Second, “Revival” has begun to generate some Western press coverage, which is an important component in promoting a nation’s public diplomacy. Significantly, however, the Western – and even much of the Asian – press coverage has focused on areas which are counterproductive to public diplomacy efforts. For example, it has been noted that to ensure a strong box office, tickets are being distributed gratis to the masses, and that the film is often derided if it registers with the public at all. In addition, popular movie review websites in China have disabled the star rating system for the film, and have not allowed users to leave written reviews, with one report suggesting that before the rating system was disabled the film had garnered overwhelmingly negative reviews, with 87.8 percent of raters giving it the minimum one star. Many reports note that to ensure success, screenings of new Hollywood films such as “Transformers 3” and “Cars 2” will be delayed, that this is one of close to 30 propaganda films being released at this time, and that this is part of the party’s coordinated effort that includes TV soap operas, books, and musical events. As with “Founding of a Republic,” it appears that most of those who are enthusiastic about seeing the film are attracted by the star power of the cast: many of the leading actors in the mainland and Hong Kong film industries appear in these films, with the entertainment value consisting of recognizing which star is portraying which historical character.
Such Western coverage of Chinese films is not atypical; there is probably a greater interest in political issues than artistic ones in reporting on Chinese film. Thus, at a recent cultural forum in Shanghai, award-winning “Sixth Generation” director Jia Zhangke made headlines when he openly attacked film censorship, citing it as the reason that China cannot make genre films, expressing his frustration that his proposed films on a man’s sex life and a spy film about the Communist and Nationalist parties had to be scrapped. As he put it, “If I want to make the movie here, I have to portray all the communists as superheroes,” further adding that “This kind of cultural over-cleanliness that bans the erotic, violent and terrifying is cultural naivety.” It is therefore perhaps not surprising that China is playing up the opening of a Chinese film festival in Myanmar (Burma) from June 11-17 this year, and its cooperation with Myanmar in film; in military-controlled Myanmar there should be no debate about censorship.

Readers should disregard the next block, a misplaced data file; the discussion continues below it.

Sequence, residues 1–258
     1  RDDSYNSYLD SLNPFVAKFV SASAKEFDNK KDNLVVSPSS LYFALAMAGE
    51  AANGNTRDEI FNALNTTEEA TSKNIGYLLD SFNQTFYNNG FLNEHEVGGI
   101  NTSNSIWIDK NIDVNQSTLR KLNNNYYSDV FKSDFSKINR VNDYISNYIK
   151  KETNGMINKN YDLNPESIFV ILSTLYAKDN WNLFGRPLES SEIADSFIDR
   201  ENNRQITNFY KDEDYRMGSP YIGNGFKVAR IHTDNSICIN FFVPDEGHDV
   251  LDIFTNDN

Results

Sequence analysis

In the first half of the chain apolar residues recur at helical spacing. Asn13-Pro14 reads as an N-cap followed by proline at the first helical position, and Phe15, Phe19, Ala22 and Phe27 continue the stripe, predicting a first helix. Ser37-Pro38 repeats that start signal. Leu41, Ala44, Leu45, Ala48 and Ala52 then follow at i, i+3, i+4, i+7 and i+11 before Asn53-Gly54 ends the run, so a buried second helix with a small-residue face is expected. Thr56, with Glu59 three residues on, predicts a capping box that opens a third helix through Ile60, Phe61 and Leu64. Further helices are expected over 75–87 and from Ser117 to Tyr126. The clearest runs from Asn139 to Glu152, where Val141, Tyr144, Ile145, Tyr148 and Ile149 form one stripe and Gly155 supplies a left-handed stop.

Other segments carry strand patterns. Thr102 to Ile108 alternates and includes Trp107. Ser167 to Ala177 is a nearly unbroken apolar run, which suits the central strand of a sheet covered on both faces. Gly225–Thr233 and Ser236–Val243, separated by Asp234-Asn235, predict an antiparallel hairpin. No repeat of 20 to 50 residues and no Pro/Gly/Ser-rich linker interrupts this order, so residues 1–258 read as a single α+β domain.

Given the self-imposed restrictions on China’s film industry, the image of China shaped by films comes primarily from two sources, one positive and one negative. As noted above, Hollywood blockbusters have a financial interest in making China look good. However, some independent films in English with a Chinese theme have done surprisingly well at the box office, and presented a far less attractive picture of China. For example, the Australian film “Mao’s Last Dancer” (2010), based on the autobiography of a Chinese ballet dancer who defected to the U.S. in the early 1980’s, presents Chinese consulate officials in Houston doing everything possible, including kidnapping, to prevent the dancer from remaining in the U.S. with his American wife. In contrast to the poor performance of Chinese films abroad, “Dancer” brought in close to $5 million USD in the U.S. and over $22 million USD worldwide. So long as the Chinese film industry is subject to the same political constraints as other Chinese media, China’s public diplomacy in this arena will continue to be shaped by others.
“China Watch”, The New York Times,May 27, 20112
Grace Ng, “Power of Kungfu Panda 2: Chengdu Scores Publicity Coup as Setting for Hit Film,” The Straits Times
Stanley Rosen is the Director of the East Asian Studies Center at USC’s College of Letters, Arts and Sciences, and a professor of political science at USC specializing in Chinese politics and society. He studied Chinese in Taiwan and Hong Kong and has traveled to mainland China over 40 times over the last 30 years. His courses range from Chinese politics and Chinese film to political change in Asia, East Asian societies, comparative politics theory, and politics and film in comparative perspective. The author or editor of eight books and many articles, he has written on such topics as the Cultural Revolution, the Chinese legal system, public opinion, youth, gender, human rights, and film and the media. He is the co-editor of Chinese Education and Society and a frequent guest editor of other translation journals.
His most recent books include Chinese Politics: State, Society and the Market[Routledge, 2010] (co-edited with Peter Hays Gries) and Art, Politics and Commerce in Chinese Cinema [Hong Kong University Press, 2010 (co-edited with Ying Zhu). Other ongoing projects include a study of the changing attitudes and behavior of Chinese youth, and a study of Hollywood films in China and the prospects for Chinese films on the international market, particularly in the United States.